Hey folks! I hope you have started 2016 off well and are in full swing for the new year. I want to apologize for not adding much to the site for a while. It’s been a slow start to the year for me, but I’m getting things back in line and am starting to get back into the business of writing again. With that said, I wanted to add my two cents to the recent combat phase that the boys were going on about because I too have been battling some Magic.
I have had to turn my attention to playing MTGO for the time being because I can’t get out to my LGS very often. The nice part is that MTGO is pretty convenient, and it can help you to stay sharp and improve your technical play, but it lacks the personal interaction that is afforded while playing in person. Also, previously, the need to have 3-4 hours of time just to play an event is pretty prohibitive most nights. With the fairly recent implementation of Leagues you can now play in a sanctioned and meaningful environment (for prizes) at your leisure and when it is convenient for you. That’s a pretty big development and is something pretty nice.
Now, I ventured into this brave new world of Leagues for the first time with a Pauper deck. Some people scoff at the idea of playing Pauper and think that playing only commons can’t be powerful. Well, I can truly disagree because there are plenty of powerful things you can do across the history of Magic and the format is extremely competitive and difficult to negotiate. However, I started with Pauper because it is much more affordable an entry point instead of playing Standard or Modern.
Now, there are lots of viable archetypes in Pauper and the one I opted to use as a jumping off point was this Black/Green Delve deck. All the cards have been recently in print meaning they are readily available and inexpensive. However, the most important piece is that they do something that is unfair. If you look across the various archetypes of Magic, in any format, many decks are looking to try and be unfair in some direction or another. This particular deck is looking to try and cheat on the mana by using the Delve mechanic to power out over powered (and seemingly under cost) creatures. Now, with a few little updates I’ve got myself a Pauper deck that I can take into these leagues and rumble against many of the top decks in the format. Here’s my List:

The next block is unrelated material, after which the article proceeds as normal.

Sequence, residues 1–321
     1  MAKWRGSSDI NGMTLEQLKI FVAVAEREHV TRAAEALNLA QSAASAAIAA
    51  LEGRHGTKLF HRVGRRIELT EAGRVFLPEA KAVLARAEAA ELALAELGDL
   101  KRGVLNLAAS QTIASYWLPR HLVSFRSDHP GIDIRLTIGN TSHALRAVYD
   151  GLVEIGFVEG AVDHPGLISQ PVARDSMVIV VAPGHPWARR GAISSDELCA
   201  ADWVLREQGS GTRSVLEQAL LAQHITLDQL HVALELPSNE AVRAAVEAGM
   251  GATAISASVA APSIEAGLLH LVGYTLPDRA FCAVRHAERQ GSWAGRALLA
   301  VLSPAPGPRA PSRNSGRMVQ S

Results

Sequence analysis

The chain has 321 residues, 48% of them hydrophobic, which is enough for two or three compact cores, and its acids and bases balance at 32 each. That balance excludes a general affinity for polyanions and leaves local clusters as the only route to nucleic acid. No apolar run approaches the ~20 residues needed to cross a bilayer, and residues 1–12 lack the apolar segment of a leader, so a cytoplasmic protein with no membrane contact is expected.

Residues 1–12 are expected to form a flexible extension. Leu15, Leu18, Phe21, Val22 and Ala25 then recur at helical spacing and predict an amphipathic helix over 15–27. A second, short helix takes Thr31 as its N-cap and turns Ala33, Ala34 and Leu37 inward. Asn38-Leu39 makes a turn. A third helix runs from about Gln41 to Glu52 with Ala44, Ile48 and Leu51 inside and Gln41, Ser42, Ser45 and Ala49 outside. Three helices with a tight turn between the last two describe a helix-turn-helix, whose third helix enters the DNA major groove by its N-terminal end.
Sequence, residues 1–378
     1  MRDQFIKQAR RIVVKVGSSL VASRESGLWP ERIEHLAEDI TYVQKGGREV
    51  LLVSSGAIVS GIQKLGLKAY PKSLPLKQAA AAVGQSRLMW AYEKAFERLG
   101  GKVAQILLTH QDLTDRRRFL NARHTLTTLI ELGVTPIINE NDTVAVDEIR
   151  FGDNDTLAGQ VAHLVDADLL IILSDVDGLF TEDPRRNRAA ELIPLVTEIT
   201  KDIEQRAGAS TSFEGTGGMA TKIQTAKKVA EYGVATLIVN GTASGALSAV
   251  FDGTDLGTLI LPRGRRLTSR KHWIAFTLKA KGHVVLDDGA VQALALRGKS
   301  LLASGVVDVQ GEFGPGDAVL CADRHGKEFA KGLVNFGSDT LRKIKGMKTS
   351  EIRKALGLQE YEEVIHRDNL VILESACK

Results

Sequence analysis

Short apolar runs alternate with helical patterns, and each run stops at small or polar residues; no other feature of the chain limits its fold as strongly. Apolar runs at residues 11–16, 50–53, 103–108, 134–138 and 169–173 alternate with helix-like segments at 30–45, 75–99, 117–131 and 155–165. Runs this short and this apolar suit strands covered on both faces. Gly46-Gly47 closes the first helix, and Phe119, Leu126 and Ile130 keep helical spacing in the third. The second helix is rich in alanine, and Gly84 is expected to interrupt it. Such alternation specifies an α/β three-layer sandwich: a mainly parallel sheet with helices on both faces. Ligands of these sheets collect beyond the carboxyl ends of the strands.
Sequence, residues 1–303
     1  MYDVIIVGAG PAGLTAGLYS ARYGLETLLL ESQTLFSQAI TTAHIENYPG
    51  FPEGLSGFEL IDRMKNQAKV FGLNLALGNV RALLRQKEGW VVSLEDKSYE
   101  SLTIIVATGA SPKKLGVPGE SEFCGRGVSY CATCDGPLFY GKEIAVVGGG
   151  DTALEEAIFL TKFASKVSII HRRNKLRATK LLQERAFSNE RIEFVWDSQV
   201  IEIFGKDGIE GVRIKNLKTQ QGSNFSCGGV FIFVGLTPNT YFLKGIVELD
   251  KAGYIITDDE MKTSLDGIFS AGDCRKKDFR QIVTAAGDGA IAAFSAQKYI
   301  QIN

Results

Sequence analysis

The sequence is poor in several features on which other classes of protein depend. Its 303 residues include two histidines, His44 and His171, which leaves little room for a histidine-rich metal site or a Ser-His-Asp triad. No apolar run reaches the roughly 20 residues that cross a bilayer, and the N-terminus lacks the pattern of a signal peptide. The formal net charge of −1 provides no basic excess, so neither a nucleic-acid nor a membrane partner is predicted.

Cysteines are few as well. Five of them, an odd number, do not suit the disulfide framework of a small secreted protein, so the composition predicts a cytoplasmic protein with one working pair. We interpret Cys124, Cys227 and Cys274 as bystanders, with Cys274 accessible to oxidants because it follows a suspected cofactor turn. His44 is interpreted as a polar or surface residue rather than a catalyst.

B/G Pauper Delve
I’ve seen this deck played before, and have even tried it out against Standard decks, with varying degrees of success, but I have never taken this into an actual Pauper event and tried to play it. I was a little nervous playing my first round, but quickly got the swing of things. In my first foray in league play I defeated B/U Angler Delver, Mono Blue Delver, and a Kuldotha Jeskai build, while losing to a Tron deck and a Mono Black Control deck. Those are all tier 1 archetypes in the format and for this deck to have gone 3-2 in the first go around is pretty nice.
I feel like the deck is reasonably strong and the fact that I am looking to use my graveyard simply as a source of mana truly confounds most opponents. I think most opponents are really thinking that I am a reanimator deck and side in graveyard hate, but don’t use it aggressively enough to keep me off my game plan. The Relic of Progenitus is a good piece of sideboard tech, but if you remove only a single card at a time I will often have enough cards to burn through to toss my Hooting Mandrills on the table and commence the beat down.
However, I really like my chances post sideboard. As I am learning, Pauper is much more about generating card advantage than anything else and many of the decks playing Blue want to stock up their hands with things like Mulldrifter, Think Twice, Gush, and that sort of card advantage can spell doom for my deck. Black and Green have limited ways to draw more cards…so the way to generate card advantage is by doing things that make your opponent lose two cards for every one you play. This is where you strategically side out some questionable or redundant cards and put in all the hand destruction you can play. Duress and Rakshasa’s Secret are my primary weapons and I feel really good about my chances when I side those cards in. In fact, in most sideboarded games I want to see a Duress on Turn 1, Grisly Salvage on Turn 2, cast a creature on Turn 3, and then Rakshasa’s Secret my opponent on turn 4 hopefully leaving them with very little in hand to fight me with. I’ve never really been the sort of guy who likes hand disruption, but I might be prepared to change my tune.
Well, that’s what I’ve been battling recently and have been enjoying it. I’m really looking forward to getting a chance to play a little more in the near future. However, before that happens there are a few other details I need to settle and some report cards that need to be written. Thanks very much for stopping in to read and good luck wherever you play Magic.